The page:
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Hilpert v. Maid Pro and Auto Owners Insurance Group, No. WC20-6348 (Dec. 23, 2020)
Jennifer Fitzgerald andParker Olson of Cousineau, Waldhauser, and Kieselbach prevailed on appeal at the Minnesota Workers’ Compensation Court of Appeals (WCCA) on December 23, 2020, when the WCCA affirmed the Compensation Judge’s denial of a request for implantation of a spinal cord stimulator.
In this case, the Employee originally sustained an injury to her low back in July 2010. The parties entered into a settlement agreement in October 2011. That settlement closed out a number of medical treatments/benefits, including a two-level fusion surgery that had been recommended, along with any psychological treatment.
The Employee continued to treat for ongoing low back symptoms, primarily through a pain clinic. Ultimately, three different treating physicians recommended consideration of a fusion surgery, with the most recent opinion coming in September 2018.
In April 2019, one of the Employee’s physicians recommended a psychological consultation for possible implantation of a spinal cord stimulator. The Employee filed a medical request seeking approval of a psychological or psychiatric consultation to assess whether she would qualify for a spinal cord stimulator trial and potential permanent implantation of that device.
At hearing, the Employer and Insurer maintained that a spinal cord stimulator was not reasonable and necessary treatment based on multiple IME opinions and the argument that the Employee did not meet the qualification requirements of the medical treatment parameters for spinal cord stimulators. Minn. R. 5221.6200, subp. 6(C) states that spinal cord stimulators have very limited application, and those devices are indicated only if the treating health care provider has determined that a trial screening is indicated because an employee (1) has intractable pain, (2) is not a candidate for another surgical therapy, and (3) has no untreatable major psychological or psychiatric comorbidity that would prevent the patient benefiting from the treatment.
The Compensation Judge decided in favor of the Employer and Insurer. The Compensation Judge found that the Employee did not meet the requirements of Minn. R. 5221.6200, subp. 6(C), in part because the Employee was a candidate for the fusion surgery that had been recommended by multiple treating physicians.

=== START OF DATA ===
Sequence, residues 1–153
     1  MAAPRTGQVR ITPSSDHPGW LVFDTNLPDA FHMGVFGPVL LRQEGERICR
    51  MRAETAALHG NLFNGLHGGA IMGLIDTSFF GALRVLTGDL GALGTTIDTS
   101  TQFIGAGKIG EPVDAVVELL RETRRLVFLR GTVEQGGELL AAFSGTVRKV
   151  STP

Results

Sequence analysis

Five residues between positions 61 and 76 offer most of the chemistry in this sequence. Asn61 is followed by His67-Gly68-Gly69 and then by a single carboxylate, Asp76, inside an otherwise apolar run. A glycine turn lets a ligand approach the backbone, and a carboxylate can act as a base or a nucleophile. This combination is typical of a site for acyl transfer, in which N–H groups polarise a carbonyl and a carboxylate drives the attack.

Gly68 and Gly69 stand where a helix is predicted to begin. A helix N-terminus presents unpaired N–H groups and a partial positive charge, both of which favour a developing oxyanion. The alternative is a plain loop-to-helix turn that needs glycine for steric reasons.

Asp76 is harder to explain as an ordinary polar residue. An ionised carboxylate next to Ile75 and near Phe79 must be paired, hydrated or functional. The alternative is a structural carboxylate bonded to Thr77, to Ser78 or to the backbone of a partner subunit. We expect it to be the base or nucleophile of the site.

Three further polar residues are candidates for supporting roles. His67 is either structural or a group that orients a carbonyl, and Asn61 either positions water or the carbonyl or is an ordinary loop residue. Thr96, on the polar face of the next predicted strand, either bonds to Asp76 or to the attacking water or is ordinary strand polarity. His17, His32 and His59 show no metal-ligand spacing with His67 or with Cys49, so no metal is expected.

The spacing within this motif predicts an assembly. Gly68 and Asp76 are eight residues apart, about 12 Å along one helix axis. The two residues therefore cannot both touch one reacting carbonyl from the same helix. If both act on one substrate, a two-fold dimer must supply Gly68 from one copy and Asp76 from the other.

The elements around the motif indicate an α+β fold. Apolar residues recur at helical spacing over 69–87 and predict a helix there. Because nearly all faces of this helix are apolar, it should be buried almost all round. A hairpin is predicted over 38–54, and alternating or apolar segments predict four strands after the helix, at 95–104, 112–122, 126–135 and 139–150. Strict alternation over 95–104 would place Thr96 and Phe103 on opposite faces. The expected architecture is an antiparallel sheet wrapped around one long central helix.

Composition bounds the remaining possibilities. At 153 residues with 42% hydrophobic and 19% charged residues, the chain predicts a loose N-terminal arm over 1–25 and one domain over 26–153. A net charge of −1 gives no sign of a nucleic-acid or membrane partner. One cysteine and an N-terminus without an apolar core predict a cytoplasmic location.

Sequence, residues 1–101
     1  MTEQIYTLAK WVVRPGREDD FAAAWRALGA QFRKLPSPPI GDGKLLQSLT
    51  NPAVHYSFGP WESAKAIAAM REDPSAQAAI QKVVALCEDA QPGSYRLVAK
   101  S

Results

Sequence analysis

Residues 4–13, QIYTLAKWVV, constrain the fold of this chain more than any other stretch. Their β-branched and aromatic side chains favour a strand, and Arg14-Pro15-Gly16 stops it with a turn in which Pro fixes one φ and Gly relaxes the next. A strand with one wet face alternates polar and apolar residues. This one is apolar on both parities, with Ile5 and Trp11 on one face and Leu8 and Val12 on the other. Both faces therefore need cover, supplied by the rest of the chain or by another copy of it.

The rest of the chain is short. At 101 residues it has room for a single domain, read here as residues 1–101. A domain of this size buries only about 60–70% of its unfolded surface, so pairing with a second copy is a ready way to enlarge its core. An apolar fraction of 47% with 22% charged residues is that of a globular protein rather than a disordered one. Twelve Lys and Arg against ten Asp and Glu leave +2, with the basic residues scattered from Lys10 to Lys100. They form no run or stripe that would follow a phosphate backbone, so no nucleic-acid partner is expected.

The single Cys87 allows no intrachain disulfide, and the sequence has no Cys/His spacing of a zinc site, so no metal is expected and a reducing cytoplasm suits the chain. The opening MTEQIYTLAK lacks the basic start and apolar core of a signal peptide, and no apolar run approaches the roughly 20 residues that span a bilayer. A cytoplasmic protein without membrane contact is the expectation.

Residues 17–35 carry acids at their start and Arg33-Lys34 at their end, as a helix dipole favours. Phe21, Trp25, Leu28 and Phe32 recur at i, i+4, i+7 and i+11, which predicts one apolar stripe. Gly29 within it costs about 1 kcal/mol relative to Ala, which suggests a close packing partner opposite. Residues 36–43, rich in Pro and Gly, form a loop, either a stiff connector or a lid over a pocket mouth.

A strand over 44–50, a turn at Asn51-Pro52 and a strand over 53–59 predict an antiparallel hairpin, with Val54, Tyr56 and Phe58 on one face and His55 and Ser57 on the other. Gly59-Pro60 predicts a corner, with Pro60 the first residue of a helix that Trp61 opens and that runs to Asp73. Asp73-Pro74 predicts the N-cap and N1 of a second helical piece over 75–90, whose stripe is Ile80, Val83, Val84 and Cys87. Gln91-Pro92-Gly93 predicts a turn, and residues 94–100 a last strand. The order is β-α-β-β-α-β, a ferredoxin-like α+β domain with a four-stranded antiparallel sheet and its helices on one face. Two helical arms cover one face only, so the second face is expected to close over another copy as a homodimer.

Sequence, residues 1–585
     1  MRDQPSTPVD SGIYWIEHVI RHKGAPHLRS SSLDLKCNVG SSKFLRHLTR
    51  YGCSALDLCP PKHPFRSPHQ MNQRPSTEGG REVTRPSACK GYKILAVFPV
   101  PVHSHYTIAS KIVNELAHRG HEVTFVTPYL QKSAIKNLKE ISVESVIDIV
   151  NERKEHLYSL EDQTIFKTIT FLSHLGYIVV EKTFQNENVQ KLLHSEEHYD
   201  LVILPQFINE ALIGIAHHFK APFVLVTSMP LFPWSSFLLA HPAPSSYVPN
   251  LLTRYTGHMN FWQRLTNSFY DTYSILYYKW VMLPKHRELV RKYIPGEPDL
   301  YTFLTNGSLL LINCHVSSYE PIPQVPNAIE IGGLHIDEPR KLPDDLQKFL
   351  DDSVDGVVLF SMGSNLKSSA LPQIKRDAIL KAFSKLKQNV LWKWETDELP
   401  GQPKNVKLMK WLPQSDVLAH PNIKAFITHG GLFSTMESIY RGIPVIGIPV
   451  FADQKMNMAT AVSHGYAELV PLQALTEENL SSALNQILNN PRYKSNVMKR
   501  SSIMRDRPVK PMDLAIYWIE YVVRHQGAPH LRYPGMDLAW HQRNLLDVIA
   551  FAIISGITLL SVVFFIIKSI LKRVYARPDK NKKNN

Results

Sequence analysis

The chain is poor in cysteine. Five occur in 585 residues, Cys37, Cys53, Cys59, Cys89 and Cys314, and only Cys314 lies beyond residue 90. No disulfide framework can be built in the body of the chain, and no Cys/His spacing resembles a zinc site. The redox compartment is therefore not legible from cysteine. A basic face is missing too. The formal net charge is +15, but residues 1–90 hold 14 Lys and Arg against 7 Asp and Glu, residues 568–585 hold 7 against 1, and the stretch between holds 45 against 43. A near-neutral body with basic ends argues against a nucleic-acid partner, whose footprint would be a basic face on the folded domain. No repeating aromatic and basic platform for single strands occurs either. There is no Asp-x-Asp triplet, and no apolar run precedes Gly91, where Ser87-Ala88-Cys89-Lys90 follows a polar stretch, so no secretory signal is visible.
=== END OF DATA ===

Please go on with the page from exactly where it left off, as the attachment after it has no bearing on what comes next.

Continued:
On appeal, the Employee argued that the Compensation Judge erred in determining that she was a candidate for the surgical procedures. The Employee also argued that she was unlikely to undergo the surgery because she had closed out her claims for a fusion surgery in the 2011 settlement.
The WCCA, however, affirmed the Compensation Judge’s choice of expert opinion and the determination that the Employee was a candidate for the fusion surgery. The WCCA stated, “in recommending surgery for the employee, her treating physicians clearly found her suited to be chosen for it.” As such, the Employee met the definition of candidate “even if she is unlikely to choose to undergo the procedure.” The WCCA also noted that the question of whether a patient is a surgical candidate is a medical question that “does not depend on personal considerations, as opposed to medical ones, regardless of who pays for the surgery.”
Ultimately, this case reaffirms the very limited application of spinal cord stimulators, as outlined in Minn. R. 5221.6200, subp. 6(C), and it clarifies that the medical questions involved with these cases depend on analysis of the objective medical evidence presented and not the Employee’s personal or payment considerations.
If you have questions about this case or any of the issues involved, please feel free to reach out to Jen and Parker any time.